Ignore photo radar ticket, pay an additional fine
PRESCOTT VALLEY - The Prescott Valley Police Department implemented photo enforcement a year and a half ago to reduce speeding - and accidents.
Despite extensive media coverage, some motorists who receive tickets are uninformed, and are facing the consequences. They face a $26 process server fee - even if they attend traffic school - if they did not notify the Magistrate Court of their intentions after receiving a ticket in the mail.
The company that operates the photo-enforcement equipment, Redflex Traffic Systems of Scottsdale, hires process servers.
The initial ticket notifies motorists that they may pay the fine, attend traffic school or show up in court to contest the ticket for driving 11 miles or more above the posted speed limit, running a red light or both. Tickets start at $190.
Rodney Szabo, 43, of Prescott said he attended traffic June 21 one month after he received a ticket for driving 36 mph in a 25 mph zone on Second Street. A process server showed up at his door five days after he attended the $130 class.
Ironically, a notice apparently arrived on the same day at the Magistrate Court that Szabo had taken the weekend driving class. Szabo received a notice in the mail July 16 from the court that he owed the $26 fee.
Szabo did not notify the court through the mail or in person that he planned to attend the traffic school, Magistrate Presiding Judge Keith Carson and other town officials said.
"That was obviously too late for him to be taken off the process server list," Carson said Tuesday.
Carson upheld the fee Wednesday morning, telling Szabo the taxpayers should not have to bear the cost for process serving because he did not read the red waiver notice box on the initial ticket. He ordered Szabo to pay the fee by Aug. 26.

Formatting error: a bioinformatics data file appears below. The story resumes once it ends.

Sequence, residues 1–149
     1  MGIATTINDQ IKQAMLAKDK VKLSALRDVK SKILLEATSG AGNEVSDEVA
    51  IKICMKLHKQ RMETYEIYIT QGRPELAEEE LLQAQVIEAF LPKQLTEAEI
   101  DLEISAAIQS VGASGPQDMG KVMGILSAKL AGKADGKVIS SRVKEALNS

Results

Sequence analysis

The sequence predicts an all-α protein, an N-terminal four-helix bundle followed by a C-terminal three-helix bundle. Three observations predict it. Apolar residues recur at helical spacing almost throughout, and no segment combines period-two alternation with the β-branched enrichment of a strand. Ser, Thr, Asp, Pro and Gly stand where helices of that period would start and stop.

After the hearing, Szabo said, "I don't think it is fair that I have to notify the court what my intentions are as long as I take care of it before my court date."
Carson said the court handles more than 20,000 photo-enforcement tickets each year, adding process server fees account for a small percentage for the overall tickets.
"And I try to be fair to people," Carson said.
Assistant Town Attorney Colleen Auer, who reviewed a written complaint from Szabo's wife, Trudy, defended the policy.
"You as a defendant have an obligation" to respond to a ticket, she said. "The idea being that as an incentive to do that, you are given additional time to respond to the complaint. You basically get 60 days to respond to the complaint."
Auer said state law gives municipalities three months to serve somebody with a citation.
"We do our best to make sure the paperwork is clear," she said.
Motorists who respond to the waiver box face license suspensions if they do not follow through with any of the three options, Sgt. Wayne Nelson of the Police Department said. He added the Police Department issued 3,232 photo-enforcement tickets in June.
Motorists who receive photo-enforcement citations need to read them thoroughly, said Kelli McFarland, owner of Alliance Investigations, a Prescott-based company that provides process serving.
"Don't yell at the process server," McFarland advised. "Call Redflex. Have all your receipts and your paperwork from the driving school."
Michael Ferraresi, associate marketing manager at Redflex, did not return calls from the Courier.
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